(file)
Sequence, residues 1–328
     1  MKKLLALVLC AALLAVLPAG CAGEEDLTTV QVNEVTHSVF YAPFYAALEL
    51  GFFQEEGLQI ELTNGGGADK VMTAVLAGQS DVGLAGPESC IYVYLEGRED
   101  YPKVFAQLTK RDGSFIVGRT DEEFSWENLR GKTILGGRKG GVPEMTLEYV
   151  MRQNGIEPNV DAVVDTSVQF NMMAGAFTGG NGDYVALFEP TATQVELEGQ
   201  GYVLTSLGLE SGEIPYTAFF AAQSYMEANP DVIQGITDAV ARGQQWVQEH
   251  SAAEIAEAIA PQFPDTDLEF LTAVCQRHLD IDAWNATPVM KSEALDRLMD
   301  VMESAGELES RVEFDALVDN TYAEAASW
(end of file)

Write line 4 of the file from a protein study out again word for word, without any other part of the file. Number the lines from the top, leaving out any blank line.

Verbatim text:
   101  YPKVFAQLTK RDGSFIVGRT DEEFSWENLR GKTILGGRKG GVPEMTLEYV